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Tag: solved

Quite a few minor issues today

I've been doing a lot of writing in Microsoft Word lately (there are others working on the same document and LibreOffice Writer can't seem to get it right), so I've been living in Windows-world. Yesterday I needed to access an R package that is UNIX-only apparently (heR.Misc - really? No Windows binaries?) and was greeted by Scientific Linux with some updates to take care of. Most of the updates installed fine, but five did not. The five that did not were all related to Qpid (packages like qpid-cpp-client). These could not be installed because yum could not resolve some dependency issues. Apparently the issue was that these updates were related in some way to the matahari package, which was deprecated by Red Hat (according to this forum post at least). A quick sudo yum remove matahari in the terminal and the updates installed correctly.

I figured while I was updating software that I would try to get an Aero Snap-like feature working in Linux.  As much as I like the stability of Linux, I dislike the lack of some should-be-standard features in GNOME. In Windows 7, there are some great features like Aero Snap (automatically half-maximize windows) and windows grouped on the taskbar. CompizFusion can... somewhat perform these features, but not with the polish and consistency that I've come to expect.

I just care about my computer supporting my productivity, and I am therefore not attached to any particular window environment. KDE 4 seems to have implemented some of these features without the use of add-ons, so I figured that I would give it a try. However, installing KDE using YUM wasn't immediately obvious. Searching for "kde" resulted in tons of packages, but none seemed to be a wrapper for the entire environment. Eventually I went to the command line and executed (as root):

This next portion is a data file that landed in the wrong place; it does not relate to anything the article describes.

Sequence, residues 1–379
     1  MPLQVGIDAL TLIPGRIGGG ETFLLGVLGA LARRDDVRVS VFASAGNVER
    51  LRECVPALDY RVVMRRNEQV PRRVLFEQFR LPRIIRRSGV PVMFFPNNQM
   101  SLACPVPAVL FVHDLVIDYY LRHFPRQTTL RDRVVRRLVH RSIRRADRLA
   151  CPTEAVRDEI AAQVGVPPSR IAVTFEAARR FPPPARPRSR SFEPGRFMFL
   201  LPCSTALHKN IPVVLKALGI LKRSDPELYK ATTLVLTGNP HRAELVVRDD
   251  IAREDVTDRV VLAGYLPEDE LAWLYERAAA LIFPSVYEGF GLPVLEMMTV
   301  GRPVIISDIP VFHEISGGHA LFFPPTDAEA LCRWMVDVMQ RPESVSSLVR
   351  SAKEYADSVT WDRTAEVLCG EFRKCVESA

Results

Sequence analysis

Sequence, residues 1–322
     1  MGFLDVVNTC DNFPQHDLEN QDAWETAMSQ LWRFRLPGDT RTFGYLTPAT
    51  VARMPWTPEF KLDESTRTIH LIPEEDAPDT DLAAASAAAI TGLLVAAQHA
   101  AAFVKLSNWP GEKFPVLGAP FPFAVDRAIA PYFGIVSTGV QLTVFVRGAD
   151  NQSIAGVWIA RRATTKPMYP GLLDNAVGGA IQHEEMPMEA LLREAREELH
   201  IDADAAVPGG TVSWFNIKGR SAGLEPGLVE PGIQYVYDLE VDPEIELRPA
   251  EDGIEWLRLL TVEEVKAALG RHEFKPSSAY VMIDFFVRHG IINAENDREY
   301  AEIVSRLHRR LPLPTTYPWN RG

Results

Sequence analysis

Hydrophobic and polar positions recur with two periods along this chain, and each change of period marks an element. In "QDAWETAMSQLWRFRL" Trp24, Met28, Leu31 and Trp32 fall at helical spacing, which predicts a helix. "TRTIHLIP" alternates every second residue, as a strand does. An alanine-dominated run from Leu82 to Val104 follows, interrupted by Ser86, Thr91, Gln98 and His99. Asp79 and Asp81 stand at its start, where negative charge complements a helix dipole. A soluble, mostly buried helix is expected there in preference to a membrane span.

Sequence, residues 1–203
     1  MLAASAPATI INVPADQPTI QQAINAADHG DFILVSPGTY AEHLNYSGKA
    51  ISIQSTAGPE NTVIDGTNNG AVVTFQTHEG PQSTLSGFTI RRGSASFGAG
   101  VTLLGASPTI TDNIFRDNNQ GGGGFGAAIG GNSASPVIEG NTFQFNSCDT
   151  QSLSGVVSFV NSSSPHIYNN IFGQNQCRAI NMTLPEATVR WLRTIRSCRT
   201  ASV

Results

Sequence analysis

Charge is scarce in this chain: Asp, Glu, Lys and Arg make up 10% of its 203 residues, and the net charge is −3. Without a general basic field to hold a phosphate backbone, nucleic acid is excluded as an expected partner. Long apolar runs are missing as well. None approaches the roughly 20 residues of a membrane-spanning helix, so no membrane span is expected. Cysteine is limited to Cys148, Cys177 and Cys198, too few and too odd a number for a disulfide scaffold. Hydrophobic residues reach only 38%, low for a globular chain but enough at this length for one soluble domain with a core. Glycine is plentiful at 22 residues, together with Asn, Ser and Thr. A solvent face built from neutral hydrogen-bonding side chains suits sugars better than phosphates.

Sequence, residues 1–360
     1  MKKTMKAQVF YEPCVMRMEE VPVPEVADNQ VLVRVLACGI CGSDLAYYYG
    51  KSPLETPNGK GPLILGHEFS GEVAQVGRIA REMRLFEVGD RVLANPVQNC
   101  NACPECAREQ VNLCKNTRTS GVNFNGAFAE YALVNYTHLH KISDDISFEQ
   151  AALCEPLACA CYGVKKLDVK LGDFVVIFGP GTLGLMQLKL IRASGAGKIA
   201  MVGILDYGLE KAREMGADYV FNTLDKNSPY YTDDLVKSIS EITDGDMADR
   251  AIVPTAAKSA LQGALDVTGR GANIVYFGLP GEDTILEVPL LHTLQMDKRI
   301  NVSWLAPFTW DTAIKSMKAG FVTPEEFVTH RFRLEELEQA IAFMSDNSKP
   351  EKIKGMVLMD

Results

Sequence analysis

yum groupinstall "KDE desktop"

However, I should have realized that Scientific Linux doesn't have the latest, greatest packages. The KDE that was installed was version 4.3 and... didn't do what I wanted it to. I promptly switched back to GNOME and started playing around with CompizFusion.

Long story short, I got frustrated and gave up for the time being. I am determined to get this to work, but I don't have the time to devote to it right this second. I think this is where things went wrong: I wanted to uninstall KDE and did

yum groupremove "KDE desktop"

which uninstalled all KDE-related packages and not just the ones that had been installed above (I had previously installed some packages like kdegraphics which contains Okular (a great PDF reader)). While I would like to figure out how to remove an entire group  except for certain packages, that's something to solve later. No big deal, I didn't use them much and could always add them back later. I rebooted my computer to complete some updates and...

No internet when it came back. The GNOME panel icon was just... gone. Now, my first instinct was to search the internet for related issues. I was able to get online by plugging in an ethernet cable and running, as root,

ifconfig eth0 up
dhclient eth0